One of the biggest shifts in the investment landscape of the past decade has been the rise of private credit. For its proponents, the direct lending market represents a competitively priced and readily available source of capital that isn’t reliant on the traditional syndication process, widening the pool of growth financing options available to mid-market borrowers. And for investors, allocating to alternative asset classes like private loans can bring diversification benefits and a different risk/return profile to that available in listed debt markets.
To get a sense of how big the shift has been, consider the loan market. Transactions below €250 million used to be the bread-and-butter of the European syndicated leveraged loan market. But as this week’s Chart Room shows, over the past decade their activity in this part of the market has dwindled. Instead, private lenders have stepped up to dominate this space.
By 2021, only 8 per cent of the highest-ranking senior institutional transactions in the European syndicated leveraged loan market were sized at under €250 million. The number of institutional syndicated deals of this size fell to nine in 2021 from 58 a decade earlier in 2011. The loans are still being made, of course, but the institutional lenders are being displaced by private lenders - where specific market transaction data is more opaque.
While these facilities, and the companies that draw on them, may be small, they make up a significant part of the European economy. There are over 25,000 European companies with pre-tax earnings of between €15-75 million, which account for more than 20 per cent of European private sector GDP and employment, according to Invest Europe (formerly known as the European Private Equity & Venture Capital Association (EVCA)). With regulatory pressures in Europe leading to an ongoing retrenchment from lending by banks, direct lenders are now gaining market share to support these businesses, and managers with strong sponsor relationships, origination abilities, and investment and research capabilities are best placed to capture these opportunities.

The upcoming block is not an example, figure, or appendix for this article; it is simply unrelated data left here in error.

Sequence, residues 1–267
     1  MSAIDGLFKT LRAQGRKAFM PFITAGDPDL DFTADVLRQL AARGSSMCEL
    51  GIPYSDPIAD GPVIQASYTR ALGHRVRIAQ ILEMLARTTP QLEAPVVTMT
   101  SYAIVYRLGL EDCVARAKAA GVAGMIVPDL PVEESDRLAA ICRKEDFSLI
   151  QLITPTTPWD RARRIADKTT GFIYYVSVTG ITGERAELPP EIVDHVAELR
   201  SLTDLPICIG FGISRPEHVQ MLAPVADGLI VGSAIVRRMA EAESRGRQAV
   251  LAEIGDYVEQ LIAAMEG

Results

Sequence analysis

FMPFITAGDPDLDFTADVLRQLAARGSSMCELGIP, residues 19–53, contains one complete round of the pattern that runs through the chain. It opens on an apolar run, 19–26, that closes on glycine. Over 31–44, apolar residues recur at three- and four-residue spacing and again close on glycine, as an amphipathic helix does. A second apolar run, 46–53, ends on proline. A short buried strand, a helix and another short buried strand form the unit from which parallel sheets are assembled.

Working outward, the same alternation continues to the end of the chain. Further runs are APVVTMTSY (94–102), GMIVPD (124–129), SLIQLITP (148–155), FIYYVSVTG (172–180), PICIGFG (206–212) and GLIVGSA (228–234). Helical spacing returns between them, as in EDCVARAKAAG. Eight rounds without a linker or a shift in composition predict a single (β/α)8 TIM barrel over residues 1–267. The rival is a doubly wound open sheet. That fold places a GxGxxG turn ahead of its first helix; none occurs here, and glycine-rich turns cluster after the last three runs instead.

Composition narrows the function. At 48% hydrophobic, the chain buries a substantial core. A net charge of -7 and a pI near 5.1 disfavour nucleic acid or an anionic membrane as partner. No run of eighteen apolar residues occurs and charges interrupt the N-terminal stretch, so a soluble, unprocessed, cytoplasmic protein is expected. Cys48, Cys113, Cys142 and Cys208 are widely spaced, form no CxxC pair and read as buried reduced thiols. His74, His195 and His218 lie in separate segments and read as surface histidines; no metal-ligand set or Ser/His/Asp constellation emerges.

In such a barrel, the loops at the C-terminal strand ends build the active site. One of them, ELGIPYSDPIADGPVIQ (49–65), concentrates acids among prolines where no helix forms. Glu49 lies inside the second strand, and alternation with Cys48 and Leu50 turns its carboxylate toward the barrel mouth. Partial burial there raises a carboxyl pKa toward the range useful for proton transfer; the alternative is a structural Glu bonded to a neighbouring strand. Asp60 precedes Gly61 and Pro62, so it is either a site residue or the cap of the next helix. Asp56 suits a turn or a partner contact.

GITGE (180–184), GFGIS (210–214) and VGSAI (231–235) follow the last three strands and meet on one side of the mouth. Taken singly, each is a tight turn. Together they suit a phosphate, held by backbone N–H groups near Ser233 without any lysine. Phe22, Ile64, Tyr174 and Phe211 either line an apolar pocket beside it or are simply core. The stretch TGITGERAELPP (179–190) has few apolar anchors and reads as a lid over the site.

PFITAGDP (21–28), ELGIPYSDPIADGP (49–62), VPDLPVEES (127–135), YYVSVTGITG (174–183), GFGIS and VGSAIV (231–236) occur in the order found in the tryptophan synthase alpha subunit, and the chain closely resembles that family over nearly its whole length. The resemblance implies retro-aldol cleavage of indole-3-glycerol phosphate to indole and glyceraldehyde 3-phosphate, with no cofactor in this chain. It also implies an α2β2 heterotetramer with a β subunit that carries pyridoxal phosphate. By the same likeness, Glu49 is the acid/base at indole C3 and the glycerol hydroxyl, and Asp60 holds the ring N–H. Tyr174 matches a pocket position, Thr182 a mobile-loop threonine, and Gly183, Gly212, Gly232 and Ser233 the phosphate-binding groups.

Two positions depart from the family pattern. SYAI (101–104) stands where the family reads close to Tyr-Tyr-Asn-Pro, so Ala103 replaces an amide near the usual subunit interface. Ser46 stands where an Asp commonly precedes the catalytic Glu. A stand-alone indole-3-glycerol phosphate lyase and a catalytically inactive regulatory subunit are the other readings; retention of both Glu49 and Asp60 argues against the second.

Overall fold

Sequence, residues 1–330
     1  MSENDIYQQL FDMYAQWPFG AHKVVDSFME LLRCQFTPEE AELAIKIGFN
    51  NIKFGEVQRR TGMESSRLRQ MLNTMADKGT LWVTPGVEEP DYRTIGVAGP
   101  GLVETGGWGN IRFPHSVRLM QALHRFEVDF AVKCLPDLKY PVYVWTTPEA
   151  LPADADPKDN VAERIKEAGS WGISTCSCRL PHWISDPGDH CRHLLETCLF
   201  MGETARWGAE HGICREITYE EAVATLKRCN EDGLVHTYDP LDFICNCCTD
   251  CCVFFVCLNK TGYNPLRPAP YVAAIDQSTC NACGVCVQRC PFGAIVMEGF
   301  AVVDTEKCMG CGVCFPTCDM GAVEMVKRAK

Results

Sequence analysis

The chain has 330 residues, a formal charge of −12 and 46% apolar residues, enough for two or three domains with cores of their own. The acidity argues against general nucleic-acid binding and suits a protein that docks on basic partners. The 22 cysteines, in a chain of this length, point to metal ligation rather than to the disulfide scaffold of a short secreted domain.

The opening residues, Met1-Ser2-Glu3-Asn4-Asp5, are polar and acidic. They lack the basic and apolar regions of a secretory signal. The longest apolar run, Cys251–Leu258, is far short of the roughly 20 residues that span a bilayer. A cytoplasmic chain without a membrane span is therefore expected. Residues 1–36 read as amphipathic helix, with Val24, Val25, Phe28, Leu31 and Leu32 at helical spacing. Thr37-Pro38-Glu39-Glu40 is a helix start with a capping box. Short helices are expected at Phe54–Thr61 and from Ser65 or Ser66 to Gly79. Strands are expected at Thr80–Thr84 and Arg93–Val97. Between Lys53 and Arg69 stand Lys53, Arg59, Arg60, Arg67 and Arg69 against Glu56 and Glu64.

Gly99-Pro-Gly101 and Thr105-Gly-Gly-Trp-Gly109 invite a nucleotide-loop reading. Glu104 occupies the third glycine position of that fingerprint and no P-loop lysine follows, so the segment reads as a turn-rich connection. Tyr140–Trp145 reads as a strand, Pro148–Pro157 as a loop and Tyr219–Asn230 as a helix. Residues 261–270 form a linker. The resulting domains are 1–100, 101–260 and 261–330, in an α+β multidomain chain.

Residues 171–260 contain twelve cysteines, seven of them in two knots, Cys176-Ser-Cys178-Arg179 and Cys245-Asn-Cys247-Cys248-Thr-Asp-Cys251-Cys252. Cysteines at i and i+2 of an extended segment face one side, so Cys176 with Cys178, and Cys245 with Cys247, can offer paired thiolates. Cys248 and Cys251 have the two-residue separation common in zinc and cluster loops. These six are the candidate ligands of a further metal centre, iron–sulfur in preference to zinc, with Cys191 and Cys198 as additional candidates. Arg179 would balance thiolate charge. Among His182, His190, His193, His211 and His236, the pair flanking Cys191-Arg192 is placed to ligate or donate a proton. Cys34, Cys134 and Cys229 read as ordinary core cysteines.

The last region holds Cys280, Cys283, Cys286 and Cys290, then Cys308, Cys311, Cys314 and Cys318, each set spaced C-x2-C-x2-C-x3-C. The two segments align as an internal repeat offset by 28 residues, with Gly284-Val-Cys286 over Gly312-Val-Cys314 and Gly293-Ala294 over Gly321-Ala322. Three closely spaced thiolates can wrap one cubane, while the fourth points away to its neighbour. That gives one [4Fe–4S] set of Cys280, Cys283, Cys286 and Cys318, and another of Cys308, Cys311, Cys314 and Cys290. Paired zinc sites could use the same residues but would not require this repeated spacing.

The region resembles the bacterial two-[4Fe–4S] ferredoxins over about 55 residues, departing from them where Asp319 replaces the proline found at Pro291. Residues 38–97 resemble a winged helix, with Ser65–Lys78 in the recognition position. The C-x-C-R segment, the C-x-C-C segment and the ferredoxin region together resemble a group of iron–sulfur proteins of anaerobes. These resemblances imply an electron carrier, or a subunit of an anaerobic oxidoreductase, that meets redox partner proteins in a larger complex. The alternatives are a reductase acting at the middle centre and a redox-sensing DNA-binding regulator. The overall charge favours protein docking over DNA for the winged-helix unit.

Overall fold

Interest in the smallest end of the mid-market appears set to continue, with an increasing amount of deal flow coming through. While the looser terms that have abounded in the syndicated markets, such as the covenant-lite structure, have seeped into larger direct lending transactions, the smaller end of the scale is still dominated by senior secured floating rate loans with strong covenant protection.
This could prove useful in the months ahead. While there are concerns about the impact of inflation and geopolitical developments on growth in 2022, the private debt market has been relatively resilient during the pandemic and we expect it to remain so.